It's the end of the month and in almost a perfect summary of our April, the Padres' bats stayed quiet as the pitching tried desperately to keep the game close. But in our latest 2014 fashion, the Friars are edged out by Giant-headed opponents trailing a single run; going 4-6 in the ten game road stint we started back on April 21st.
Tonight it started early, as the Friars gave up runs in the 1st and 2nd inning. It seemed Stults was at a good pace, giving only a lone 1-out hit to Hunter Pence; but Michael Morse would take advantage of this, driving Pence in with a sharp double. Following three-straight Padres ground outs in the 2nd; Brandon Hicks found enough in him to send one deep, putting the Giants up early 2-0.
Cabrera showed off more defensive prowess, proving to everybody that there's no doubt he deserves his spot at short. Consistently turning two, leading the team top 5 in batting, Cabrera has put up some serious April numbers. In fact, he has notched a spot in Padres history. Becoming one of the top 5 performers in the rainy month of April with 33 hits. Other names on this exclusive list are pretty familiar: Adrian Gonzalez with 34 (2007), Ken Caminiti with 37 (1996), and Dave Winfield with 37 (1979).
Cabby adds another two outs to prove his establishment as a defensive staple on the Padres' roster, taking matters into his own hands and turning two to end the 5th.
Our little ninja Alexi Amarista tried his hardest to get us into the game by driving in Cameron Maybin, who reached third on a sweet double and fielder's choice. Although Alexi will never hit for power, he has seemed to pop in every other game to give us a thoughtful little RBI. It's always appreciated, but rarely ever enough.
Amarista squirts one up the middle to put San Diego on the board. Something that, with his limited power, he has been consistent in doing for 8 RBIs in 2014.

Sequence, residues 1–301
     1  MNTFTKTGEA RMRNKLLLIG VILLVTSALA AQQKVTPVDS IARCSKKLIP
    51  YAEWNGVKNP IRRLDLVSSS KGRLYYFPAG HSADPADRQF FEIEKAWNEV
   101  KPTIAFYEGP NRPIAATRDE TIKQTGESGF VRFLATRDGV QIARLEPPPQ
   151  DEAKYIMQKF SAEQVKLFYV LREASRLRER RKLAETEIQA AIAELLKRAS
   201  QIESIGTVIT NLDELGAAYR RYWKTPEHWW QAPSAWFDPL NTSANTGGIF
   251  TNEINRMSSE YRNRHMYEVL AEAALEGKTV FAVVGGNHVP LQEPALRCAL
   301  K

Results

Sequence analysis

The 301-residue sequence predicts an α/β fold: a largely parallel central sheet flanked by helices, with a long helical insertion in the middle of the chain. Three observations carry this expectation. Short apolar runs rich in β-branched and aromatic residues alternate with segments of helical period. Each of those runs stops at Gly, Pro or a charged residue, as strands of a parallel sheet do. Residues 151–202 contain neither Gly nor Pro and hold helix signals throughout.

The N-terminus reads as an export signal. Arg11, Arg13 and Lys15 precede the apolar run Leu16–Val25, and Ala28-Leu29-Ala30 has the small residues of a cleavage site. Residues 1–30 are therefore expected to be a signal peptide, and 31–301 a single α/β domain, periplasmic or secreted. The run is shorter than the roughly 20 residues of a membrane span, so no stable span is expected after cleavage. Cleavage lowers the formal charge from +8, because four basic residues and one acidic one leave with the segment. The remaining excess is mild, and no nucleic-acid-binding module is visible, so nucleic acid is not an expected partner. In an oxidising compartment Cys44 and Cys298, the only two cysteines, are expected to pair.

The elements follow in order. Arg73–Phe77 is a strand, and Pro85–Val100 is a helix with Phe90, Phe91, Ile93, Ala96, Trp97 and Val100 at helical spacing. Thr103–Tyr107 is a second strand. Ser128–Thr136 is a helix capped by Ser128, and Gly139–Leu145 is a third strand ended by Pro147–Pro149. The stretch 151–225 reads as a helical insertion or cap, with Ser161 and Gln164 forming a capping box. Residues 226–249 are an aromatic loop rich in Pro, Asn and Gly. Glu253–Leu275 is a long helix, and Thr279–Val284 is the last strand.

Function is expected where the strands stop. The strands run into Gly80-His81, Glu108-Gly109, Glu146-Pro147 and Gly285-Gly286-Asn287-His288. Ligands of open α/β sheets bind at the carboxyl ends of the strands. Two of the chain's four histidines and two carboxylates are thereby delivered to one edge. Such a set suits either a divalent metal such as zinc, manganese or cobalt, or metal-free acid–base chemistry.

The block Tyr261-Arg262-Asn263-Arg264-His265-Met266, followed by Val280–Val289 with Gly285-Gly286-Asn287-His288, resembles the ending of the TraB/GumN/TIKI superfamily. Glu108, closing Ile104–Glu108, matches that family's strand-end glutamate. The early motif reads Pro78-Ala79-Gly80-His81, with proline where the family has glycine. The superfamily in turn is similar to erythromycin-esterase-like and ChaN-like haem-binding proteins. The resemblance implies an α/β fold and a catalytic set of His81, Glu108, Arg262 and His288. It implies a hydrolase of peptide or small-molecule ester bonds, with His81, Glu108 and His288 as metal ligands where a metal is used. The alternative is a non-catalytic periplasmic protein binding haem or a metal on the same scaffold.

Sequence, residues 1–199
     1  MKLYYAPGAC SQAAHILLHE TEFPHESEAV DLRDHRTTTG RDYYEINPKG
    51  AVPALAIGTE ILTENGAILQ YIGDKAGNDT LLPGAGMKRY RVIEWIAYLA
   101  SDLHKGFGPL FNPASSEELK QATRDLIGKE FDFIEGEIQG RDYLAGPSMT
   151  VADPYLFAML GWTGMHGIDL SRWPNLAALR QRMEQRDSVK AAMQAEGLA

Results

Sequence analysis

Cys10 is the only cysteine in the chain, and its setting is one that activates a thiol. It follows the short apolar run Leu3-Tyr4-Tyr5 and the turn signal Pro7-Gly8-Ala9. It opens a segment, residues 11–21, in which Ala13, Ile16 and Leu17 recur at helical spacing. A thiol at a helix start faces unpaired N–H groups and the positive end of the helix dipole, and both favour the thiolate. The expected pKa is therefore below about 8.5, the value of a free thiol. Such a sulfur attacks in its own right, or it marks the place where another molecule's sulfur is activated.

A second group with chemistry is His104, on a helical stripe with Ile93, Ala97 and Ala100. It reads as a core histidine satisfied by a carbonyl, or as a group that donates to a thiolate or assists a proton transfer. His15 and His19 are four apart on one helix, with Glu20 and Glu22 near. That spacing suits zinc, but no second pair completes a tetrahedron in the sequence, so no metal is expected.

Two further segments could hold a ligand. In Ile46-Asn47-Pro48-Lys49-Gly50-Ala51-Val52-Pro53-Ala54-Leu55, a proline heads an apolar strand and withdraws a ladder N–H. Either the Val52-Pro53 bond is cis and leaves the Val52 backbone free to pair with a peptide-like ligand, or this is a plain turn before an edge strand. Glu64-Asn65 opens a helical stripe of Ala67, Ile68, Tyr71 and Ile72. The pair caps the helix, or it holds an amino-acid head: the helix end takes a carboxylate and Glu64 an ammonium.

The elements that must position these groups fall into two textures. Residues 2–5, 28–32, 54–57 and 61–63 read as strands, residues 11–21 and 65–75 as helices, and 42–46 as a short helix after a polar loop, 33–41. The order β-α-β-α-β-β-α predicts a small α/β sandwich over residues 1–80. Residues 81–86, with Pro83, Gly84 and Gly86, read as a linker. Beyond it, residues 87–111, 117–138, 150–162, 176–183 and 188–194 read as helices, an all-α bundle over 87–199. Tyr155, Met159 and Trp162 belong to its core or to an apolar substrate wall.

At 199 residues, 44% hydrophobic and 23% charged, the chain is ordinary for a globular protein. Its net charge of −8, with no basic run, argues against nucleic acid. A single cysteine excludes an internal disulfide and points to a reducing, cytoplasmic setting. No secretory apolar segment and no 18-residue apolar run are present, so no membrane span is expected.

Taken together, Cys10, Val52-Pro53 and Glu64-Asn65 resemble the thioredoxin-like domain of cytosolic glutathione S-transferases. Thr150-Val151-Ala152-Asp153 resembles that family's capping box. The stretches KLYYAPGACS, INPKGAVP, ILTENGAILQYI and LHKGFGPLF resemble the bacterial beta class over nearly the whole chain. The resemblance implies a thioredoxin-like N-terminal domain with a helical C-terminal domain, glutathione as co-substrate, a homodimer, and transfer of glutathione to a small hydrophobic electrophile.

Tacking on another run for San Francisco in the 7th, the Giants would push more weight onto the Padres and prove that a 3-0 lead and Tim Hudson are all they needed to pin us down. Hudson had 8.2IP and only gave up 5H, 2ER, 0BB, 6SO, and 1HR. Until Yasmani Grandal's jack in the 9th, Hudson was set to throw a complete game against our boys. But the Giants flinched and hid behind Sergio Romo and cut our rally short.
Despite throwing for 6 innings, only giving up 8 hits and 3 earned runs. Erlin striking out 5 didn't please the Baseball Gods; and April comes to a crashing close. So where does that leave us for the last 30 days? Let's look at the numbers. Who did we expect to be performing, who busted, and what does this seem to trend for the next month?
|PLAYER||Games Played||At Bats||Runs||Hits||Doubles||Home Runs||RBIs||Strikeouts||Stolen Bases||AVG||OPS|
Arguably our two club leaders are Cabrera and Denorfia. And whereas Venable is stuck in his standard procedure of struggling all season and breaking out when it doesn't matter, Gyorko has started striking out a lot since his contract extension. Hundley is defying all odds and becoming a reliable bat-off-the-bench. Things are also looking good for the new blood of Cameron Maybin; slipping in three doubles already, and things ended bleak for the old of Chase Headley, who is guaranteed to be on the disabled list for at least the next ten days.
|PLAYER||Starts||Innings Pitched||Hits||Earned Runs||Home Runs||Walks||AVG||WHIP|
Patterns are revealing Kennedy to be a pleasantly reliable starter. The same goes for ace Andrew Cashner, who has been roughed up his past couple of outings to blur his stats a little. Tyson Ross leads the group in walks, putting almost twice as much as the rest of the pack. And Robbie Erlin and Eric Stults have yet to find their place, giving up the most runs and lasting the least amount of innings.
Despite the rare blowout, we continue to stick to the front of the league in pitching performances; and cruelly towards the very bottom in hitting. This repeatedly explains our flux between one-run games and total shutouts from the opposition. When our team is pitching great; we're not supporting with runs. When our pitchers are being pushed around; our bats look the other way and stay silent like witnessing a mugging in an alley.
If tonight was any indication, we're going to continue to be a very capable group going into May. We have specific problems that warrant specific focus. We have performers; and we have dead weight. At the very least we're not the Diamondbacks right now, who we can look forward to helping us boost out of these funky disorders we've developed.
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